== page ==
Looking towards Mardale III Bell with a glimpse of Blea Water on the right and Small Water on the left.
 

Long Stile, Short Stile and High Street from Rough Crag summit.

It remained bright so much so it was too bright to look back over my shoulder but I wasn't complaining. A cold wind accompanied my ridge walk and in gaining Rough Crag summit I was hugely disappointed to find that someone had destroyed the summit cairn which now lay scattered in heaps at my feet. Bastards.

Had I the daylight hours I could have spent time at least lifting the larger on the stones back into place but sadly time wasn't on my side and I had no choice but to continue towards Caspel Gate (seen as the depression up ahead) it's another much favoured place along the ridge for me and on a day like today I should be spoilt with great views.


Long Stile, Short Stile and Two Penny Crag from Gaspel Gate.
 

Long Stile and Short Stile from Gaspel Gate Tarn.

Having descended Rough Crag I followed a faint grassy trod towards Caspel Gate Tarn and was rewarded with this spectacular view of Long Stile. The wind howled over the ridge and within what felt like seconds my hands began to feel raw, I think they've put up with the chill for long enough so I slipped a pair of gloves over them which instantly felt like I'd put them in the oven.

I hung around recording a short clip on my mobile phone which I later uploaded onto my Facebook page. I scour the ridge then the summit and across the compass. I spot no one.

There are no words to describe moments like these.


Branstree and Harter Fell from Gaspel Gate Tarn.
 

Views over Blea Water towards Mardale III Bell and Harter Fell.
i never tire of the ascent of Long Stile and today was no different each time finding new routes or sections of path that I haven't used before but the ground underfoot is as familiar as ever.

Views back down the ridge over Mardale Head towards Branstree, Selside Pike and the Hare Shaw.
Not far from the summit now.

Distant views over Birks, St Sunday Crag, Nethermost Pike, Helvellyn, Catstye Cam and Whiteside.
Last weeks dusting of snow has completely disappeared now but it won't be long until the snow is back.

Lunch with a view.

The final part of Long Stile ascent involves a steep climb over rough rock and by the time I reached the cairn at the top my body core temperature was through the roof but I couldn't feel my face due to the sudden windchill! Two fell runners run towards me and pass with a Hi before I make my way towards the summit where I also spot two guys who shield themselves (on this side of the wall) from the wind chill while eating hot food cooked on a camping stove. You wouldn't be human if you didn't envy them right now.

I make my way over towards the summit and tap the Trig Point with my gloved right hand. The wind is piercing and I scour the summit wall for the best shelter easing myself down on a dry rock as the summit wind howled over the top of my head, lunch today is going to brief to say the least.


Golden views over the III Bell ridge towards Windermere and Morecambe Bay.
 

High Street from Mardale III Bell.

With lunch eaten I re-shoulder and walk south for a short while having no choice than to avoid the ground underfoot which is sodden so I walk through the wild grasses instead. I soon reached the stone cairn where the path takes a sudden left turn towards Mardale III Bell while enjoying the views over Morecambe Bay which is illuminated in a golden glow as to was Windermere.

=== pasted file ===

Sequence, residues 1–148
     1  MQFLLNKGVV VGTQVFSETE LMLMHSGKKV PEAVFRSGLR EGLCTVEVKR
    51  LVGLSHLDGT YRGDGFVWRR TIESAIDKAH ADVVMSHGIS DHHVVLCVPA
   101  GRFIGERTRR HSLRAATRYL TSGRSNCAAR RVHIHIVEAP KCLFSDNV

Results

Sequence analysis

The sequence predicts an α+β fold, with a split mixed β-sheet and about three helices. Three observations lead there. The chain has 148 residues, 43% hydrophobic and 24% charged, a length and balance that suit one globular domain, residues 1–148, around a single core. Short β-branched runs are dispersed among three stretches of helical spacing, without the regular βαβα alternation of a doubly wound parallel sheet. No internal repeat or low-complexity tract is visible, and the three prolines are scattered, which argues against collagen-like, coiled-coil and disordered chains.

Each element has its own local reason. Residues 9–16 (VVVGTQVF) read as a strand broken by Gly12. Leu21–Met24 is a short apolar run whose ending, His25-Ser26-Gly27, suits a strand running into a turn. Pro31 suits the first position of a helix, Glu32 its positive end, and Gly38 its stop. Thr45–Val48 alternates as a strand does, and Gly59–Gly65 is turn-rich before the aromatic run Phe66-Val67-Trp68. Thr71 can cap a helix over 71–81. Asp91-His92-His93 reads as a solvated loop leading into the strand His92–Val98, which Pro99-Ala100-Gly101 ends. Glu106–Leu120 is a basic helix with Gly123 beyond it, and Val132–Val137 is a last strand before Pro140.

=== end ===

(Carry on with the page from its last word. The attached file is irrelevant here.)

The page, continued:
It's a gentle downhill stroll to reach Mardale III Bell and I savour every moment.


High Street from Mardale III Bell summit cairn.
 

Descending Mardale III Bell with views over the top of Nan Bield Pass and Harter Fell.
I hadn't dropped much descent but it was enough to find myself out of the firing line of the summit winds and the severe windchill they brought! This section of the route has a stepped path for the majority of the way which makes my descent rather quick and before I knew I'm standing at the shelter at the top of Nan Bield Pass talking to a guy who has just ridden (and carried) his mountain bike up from Small Water.

Views over Small Water and Haweswater from the top of Nan Bield Pass.
The descent from the top of Nan Bield Pass is quite rough underfoot with a rocky steep path to follow which had flowing water over the top meaning my descent slowed considerably and I started to feel the chill once again, no wonder, I think that's the last I'll see of the sun for a hour or so.

Small Water.
 

The Stone Huts found on the path besides Small Water.
It's quite uncertain who built the stone shelters but they were probably used by travellers between the valleys and later by quarry men, what ever they were built for they're quite accommodating even for the tallest amongst us if you don't mind lying down that is.

Small Water Beck.
 

Views over Haweswater and a sunlit Selside Pike from my Small Water Descent.

The difference between being between light and shade at this time of year, even at this low height is quite considerable and while I was still feeling the chill at least I was able to keep myself warmish by hurrying my ascent were possible. The sound of Small Water Beck was never far away and at times I wandered over when I could to view the waterfalls which roared over the top of the wind.

The car park from here is never far from view and after passing a couple who were making their ascent on Harter Fell in order to view the sunset I soon found myself getting closer to Mardale Head. The two walkers who I had seen eating from a camping stove had made their descent via the Rough Crag ridge and it looked like we would arrive back at the car park at the same time, I don't speak of my envy of their hot food back at the summit but during my drive south as the sun was going down I wondered of the couple who by now were about to take in a beautiful sunset from the summit of Harter Fell.

 

Back to top